Roughly a year ago I was browsing Jason (design god) Gurleys website to check out the covers he created. One, however, caught my attention more than others, Pennsylvania by Michael Bunker. Amish Sci-Fi was at the time something I wasn´t quite ready for yet, and even having the book on my Kindle by now, I´ve never gotten around reading it. Nevertheless, even Pennslyvania was a bit far-fetched for me back then, I was curious enough to dive deeper into Bunkers work, and subsequently bought all his books, read and enjoyed them too, and more to come in the future. Not only that, but I started to follow him on diverse social media accounts, simply to be up to date when it comes to his work.
When he started to talk about Apocalypse Weird somewhere around the end of last year I was excited. It simply sounded good and very, very interesting. Sometimes you get those special something vibe, and after reading most of the available AW books I know I was right to trust those authors involved. I simply like their passion, and the yeap, weirdness of it. Which then made me look more into other books available by those guys and gals, met some and more, and became a fan of many I would have never discovered otherwise.
With AW there is one aspect that is a bit overlooked, that is the fan-fiction aspect. Bob Williams´ story set in AW, The Descents, was a story that mildly amused me, and even more so entertained me. Now when I noticed he was taking the jump to publish a short story on his own, I bite into the bullet. I have collected many a short-stories and always loved reading them. It´s a special kind of art form, and if someone masters it I´m all for it.
So far I have associated Smoke with Paul Auster. And yes, you´re allowed to throw stones at me, I am a fan, even this one can be mind-numbingly boring at times, so go away. I know this myself. :-) Point is, I may have to rethink my stance on it, and accept that Smoke is a title that is not exclusive to Auster, but belongs to Williams as well.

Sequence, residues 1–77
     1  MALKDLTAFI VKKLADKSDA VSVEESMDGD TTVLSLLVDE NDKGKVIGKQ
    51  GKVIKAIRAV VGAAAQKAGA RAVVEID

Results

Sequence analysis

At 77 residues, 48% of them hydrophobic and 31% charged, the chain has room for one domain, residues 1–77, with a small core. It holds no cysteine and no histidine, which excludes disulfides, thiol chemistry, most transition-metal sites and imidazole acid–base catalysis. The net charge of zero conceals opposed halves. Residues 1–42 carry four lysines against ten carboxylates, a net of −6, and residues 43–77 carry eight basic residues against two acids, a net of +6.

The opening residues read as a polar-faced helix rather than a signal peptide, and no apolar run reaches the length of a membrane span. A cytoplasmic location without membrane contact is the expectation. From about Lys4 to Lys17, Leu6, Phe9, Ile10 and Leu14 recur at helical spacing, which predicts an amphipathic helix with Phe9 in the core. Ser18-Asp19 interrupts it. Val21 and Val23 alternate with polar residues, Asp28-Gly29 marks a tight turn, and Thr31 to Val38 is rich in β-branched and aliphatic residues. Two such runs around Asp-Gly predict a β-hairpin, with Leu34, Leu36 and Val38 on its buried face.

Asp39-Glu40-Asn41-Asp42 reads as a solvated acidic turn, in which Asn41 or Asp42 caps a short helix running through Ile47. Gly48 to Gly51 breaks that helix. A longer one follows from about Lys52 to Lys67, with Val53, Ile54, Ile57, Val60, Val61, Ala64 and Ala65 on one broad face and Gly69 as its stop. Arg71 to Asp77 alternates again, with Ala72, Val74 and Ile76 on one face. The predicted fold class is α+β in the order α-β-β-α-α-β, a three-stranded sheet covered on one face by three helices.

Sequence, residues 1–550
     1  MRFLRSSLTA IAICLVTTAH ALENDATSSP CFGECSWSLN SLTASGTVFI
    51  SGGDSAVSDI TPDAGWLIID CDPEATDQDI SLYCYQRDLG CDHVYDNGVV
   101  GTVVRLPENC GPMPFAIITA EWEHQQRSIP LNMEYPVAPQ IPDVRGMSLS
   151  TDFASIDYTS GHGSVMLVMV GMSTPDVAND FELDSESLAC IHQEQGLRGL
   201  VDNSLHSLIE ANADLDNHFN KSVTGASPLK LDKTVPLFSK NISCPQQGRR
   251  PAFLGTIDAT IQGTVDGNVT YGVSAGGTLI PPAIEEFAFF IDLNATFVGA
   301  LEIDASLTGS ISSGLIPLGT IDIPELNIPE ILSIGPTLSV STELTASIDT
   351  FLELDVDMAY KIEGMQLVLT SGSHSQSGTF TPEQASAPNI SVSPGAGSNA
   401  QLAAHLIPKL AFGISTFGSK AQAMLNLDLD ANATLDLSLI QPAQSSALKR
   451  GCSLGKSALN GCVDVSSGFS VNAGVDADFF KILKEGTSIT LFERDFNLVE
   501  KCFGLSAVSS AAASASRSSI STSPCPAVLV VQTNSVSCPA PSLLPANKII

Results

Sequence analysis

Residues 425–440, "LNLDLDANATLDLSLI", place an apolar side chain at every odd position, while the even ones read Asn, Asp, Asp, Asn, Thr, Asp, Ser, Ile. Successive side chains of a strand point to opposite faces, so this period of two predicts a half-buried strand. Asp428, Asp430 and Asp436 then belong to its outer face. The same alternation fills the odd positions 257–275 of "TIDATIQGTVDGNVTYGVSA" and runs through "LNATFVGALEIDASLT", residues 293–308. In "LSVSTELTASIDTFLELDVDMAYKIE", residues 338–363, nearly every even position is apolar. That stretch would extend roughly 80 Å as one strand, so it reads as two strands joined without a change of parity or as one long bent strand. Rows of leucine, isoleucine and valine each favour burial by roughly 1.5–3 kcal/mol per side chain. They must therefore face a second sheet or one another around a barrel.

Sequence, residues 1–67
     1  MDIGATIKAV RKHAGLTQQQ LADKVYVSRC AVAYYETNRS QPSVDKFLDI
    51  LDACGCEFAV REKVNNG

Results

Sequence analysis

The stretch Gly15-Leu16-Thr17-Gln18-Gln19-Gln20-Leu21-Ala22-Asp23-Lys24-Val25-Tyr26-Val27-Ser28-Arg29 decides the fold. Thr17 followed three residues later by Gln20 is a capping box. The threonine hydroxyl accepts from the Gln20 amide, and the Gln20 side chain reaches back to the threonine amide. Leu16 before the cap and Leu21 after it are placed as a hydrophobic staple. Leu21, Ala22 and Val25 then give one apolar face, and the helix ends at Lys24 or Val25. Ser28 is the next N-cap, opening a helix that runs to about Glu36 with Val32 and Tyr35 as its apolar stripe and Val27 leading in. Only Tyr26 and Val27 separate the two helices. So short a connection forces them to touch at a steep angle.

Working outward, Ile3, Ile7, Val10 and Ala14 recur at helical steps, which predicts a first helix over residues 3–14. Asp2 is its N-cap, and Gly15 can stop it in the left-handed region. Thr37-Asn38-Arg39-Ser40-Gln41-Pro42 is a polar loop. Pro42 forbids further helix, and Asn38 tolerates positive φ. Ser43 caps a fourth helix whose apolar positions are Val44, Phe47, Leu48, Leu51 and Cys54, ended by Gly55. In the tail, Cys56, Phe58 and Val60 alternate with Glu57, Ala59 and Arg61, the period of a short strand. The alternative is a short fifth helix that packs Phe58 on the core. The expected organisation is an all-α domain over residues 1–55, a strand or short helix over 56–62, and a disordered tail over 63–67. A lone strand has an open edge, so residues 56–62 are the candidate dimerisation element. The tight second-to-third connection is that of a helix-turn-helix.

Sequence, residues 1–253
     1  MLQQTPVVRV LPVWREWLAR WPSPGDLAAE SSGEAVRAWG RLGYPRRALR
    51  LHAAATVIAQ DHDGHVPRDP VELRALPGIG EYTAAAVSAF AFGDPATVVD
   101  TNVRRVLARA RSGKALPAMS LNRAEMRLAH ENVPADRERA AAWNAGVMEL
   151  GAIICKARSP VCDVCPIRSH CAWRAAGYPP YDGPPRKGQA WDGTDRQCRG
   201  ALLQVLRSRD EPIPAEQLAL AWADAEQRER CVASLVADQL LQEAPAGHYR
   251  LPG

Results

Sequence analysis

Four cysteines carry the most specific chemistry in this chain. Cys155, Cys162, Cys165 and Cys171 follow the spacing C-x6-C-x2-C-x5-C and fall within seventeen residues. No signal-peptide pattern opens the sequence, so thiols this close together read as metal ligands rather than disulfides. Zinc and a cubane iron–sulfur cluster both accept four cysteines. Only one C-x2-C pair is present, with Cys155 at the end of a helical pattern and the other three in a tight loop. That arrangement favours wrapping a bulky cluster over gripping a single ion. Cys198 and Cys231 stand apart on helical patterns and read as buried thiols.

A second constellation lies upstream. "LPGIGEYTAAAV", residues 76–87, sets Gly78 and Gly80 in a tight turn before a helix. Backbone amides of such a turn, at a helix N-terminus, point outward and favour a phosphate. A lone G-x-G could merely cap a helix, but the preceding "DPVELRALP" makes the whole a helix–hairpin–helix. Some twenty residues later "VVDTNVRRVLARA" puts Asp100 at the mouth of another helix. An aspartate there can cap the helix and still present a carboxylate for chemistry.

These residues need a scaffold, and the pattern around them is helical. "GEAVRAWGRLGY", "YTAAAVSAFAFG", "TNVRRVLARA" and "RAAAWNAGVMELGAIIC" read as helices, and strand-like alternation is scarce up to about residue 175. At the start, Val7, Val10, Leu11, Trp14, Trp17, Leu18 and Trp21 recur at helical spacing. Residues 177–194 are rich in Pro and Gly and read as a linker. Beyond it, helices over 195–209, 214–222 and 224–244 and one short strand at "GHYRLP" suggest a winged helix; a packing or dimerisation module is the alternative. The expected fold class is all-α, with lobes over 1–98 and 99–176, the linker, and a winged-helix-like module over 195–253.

Smoke is an extreme short short-story, like ´brushing my teeth takes longer than reading it´ short, but that´s okay. I´m not judging. Which makes the experience rather short lived, at least when it comes to reading. The thinking about it should under any normal circumstances take a bit longer.
It is almost impossible to really talk about Smoke without giving away spoilers, but our main character Daniel has to make a decision in his life that may change it forever. And there is jazz, which seems very appropriate under this circumstances, even I hope there is some Blues to be heard at times too. It´s a Hell Or Is There Heaven? tale, but in a playful manner of sorts, and me would think either way, closer the protagonist of Smoke won´t come to any of those.
Williams´ strength of characterization and his question about into which direction we are going, a ´how the heck did we stumble into this mess called life´, and even more so, ´what are we supposed to do now?´, makes Smoke cutting into the essence of being. It is a bit philosophical and basically the question cannot be answered, hence there is no real solution, otherwise the story would most likely contradict itself. Daniel has to choose, and he did.
Indeed, a day in one´s life can change a lot of things, may be everything, forever. And that is not necessarily a bad thing. We only have to let it happen.